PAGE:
Mass Effect 3 for PC will require Origin activation, not launching on Steam

In a move that can be filed under “Saw that coming from a galaxy away”, EA has declared any and all versions of Mass Effect 3 for PC will require Origin to activate, and BioWare's next will not be debuting on Steam. At least, not for now.

BioWare's Chris Priestly posted details of Mass Effect 3's launch on the studio's forums, confirming players will need to sign on with EA's digital download service for a one-time, single authorization required to kickstart the physical and digital PC versions of the upcoming action RPG. In addition, he discussed EA's decision to launch on “other 3rd party digital retailers”, but not on Valve's Steam service due to perceived restrictions, explaining: “Steam has adopted a set of restrictive terms of service which limit how developers interact with customers to deliver patches and other downloadable content. We are intent on providing Mass Effect to players with the best possible experience no matter where they purchase or play their game, and are happy to partner with any download service that does not restrict our ability to connect directly with our consumers.”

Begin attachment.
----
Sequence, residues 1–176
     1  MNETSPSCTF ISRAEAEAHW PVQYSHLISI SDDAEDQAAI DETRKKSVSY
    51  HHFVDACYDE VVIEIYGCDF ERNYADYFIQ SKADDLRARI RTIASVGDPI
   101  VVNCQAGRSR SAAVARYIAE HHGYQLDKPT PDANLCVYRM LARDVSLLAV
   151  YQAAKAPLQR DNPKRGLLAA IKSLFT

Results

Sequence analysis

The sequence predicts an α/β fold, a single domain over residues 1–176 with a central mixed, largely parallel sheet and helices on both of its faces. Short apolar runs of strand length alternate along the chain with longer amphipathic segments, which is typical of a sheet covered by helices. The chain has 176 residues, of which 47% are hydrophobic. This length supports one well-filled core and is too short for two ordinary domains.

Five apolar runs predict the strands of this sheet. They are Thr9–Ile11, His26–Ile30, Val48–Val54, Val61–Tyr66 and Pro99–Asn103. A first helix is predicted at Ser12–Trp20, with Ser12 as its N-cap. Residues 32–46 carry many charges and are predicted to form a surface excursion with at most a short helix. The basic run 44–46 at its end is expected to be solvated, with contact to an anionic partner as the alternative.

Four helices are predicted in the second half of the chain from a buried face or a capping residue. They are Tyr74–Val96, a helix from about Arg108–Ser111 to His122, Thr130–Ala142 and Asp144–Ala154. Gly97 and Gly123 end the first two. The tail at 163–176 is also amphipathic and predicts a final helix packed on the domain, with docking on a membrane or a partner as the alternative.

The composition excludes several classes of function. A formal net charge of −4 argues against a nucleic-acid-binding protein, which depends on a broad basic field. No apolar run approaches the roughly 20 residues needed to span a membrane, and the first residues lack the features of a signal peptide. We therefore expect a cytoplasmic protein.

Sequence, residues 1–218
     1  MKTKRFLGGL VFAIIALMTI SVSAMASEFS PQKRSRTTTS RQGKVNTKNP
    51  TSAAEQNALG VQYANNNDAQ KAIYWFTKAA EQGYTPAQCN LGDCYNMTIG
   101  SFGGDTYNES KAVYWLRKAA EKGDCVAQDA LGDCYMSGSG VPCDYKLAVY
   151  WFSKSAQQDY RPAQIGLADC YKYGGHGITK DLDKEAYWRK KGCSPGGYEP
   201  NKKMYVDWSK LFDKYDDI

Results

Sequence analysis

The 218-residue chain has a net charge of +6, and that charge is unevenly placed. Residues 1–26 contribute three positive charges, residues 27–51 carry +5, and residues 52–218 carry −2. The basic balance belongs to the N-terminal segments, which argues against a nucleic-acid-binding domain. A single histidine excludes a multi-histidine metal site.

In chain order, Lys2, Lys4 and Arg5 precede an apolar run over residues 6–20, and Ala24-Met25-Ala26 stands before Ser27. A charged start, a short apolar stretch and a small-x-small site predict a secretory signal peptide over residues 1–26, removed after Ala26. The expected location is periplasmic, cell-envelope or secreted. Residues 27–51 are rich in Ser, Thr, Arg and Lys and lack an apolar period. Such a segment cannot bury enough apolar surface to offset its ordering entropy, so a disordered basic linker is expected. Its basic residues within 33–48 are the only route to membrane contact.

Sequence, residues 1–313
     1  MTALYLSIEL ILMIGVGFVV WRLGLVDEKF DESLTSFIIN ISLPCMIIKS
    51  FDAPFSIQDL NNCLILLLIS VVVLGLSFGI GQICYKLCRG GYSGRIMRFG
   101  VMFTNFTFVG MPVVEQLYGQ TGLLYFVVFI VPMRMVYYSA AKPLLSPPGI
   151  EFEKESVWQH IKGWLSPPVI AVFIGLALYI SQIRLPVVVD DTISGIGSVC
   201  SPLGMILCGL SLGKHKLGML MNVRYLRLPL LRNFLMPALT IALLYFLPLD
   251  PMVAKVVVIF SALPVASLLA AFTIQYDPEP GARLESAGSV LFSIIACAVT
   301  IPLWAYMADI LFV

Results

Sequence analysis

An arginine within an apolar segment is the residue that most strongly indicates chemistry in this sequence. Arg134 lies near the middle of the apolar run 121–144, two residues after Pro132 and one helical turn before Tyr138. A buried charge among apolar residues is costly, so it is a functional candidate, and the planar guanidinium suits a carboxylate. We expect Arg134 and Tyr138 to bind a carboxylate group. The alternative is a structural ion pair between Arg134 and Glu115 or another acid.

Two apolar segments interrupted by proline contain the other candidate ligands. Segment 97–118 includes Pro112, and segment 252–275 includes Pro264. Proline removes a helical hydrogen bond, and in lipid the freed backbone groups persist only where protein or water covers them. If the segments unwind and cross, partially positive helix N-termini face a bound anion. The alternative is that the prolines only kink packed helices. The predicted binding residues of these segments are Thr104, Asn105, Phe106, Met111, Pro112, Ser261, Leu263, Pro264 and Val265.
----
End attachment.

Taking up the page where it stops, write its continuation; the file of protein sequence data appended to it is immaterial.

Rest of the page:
Predictably, the announcement that even those who purchase Mass Effect 3 from stores will need to activate their copies through Origin is not going over well with the community. Since it was posted just a few days ago, Priestly's thread has since ballooned to over 200 pages, with many questioning EA's true intent. Perhaps in anticipation of this reaction, Priestly insisted Origin is simply a helpful downloading client, and not a nefarious spyware installer, saying, “Origin implements a permission change that results in Windows, not Origin, reviewing the filenames in the ProgramData/Origin folder. This is an ordinary Windows function, not an information-gathering process.”

Mass Effect 3 arrives for PS3, Xbox 360, and PC on March 6 in North America, and March 9 in the UK. Does this announcement change your PC strategy?

Matt Bradford wrote news and features here at GamesRadar+ until 2016. Since then he's gone on to work with the Guinness World Records, acting as writer and researcher for the annual Gamer's Edition series of books, and has worked as an editor, technical writer, and voice actor. Matt is now a freelance journalist and editor, generating copy across a multitude of industries.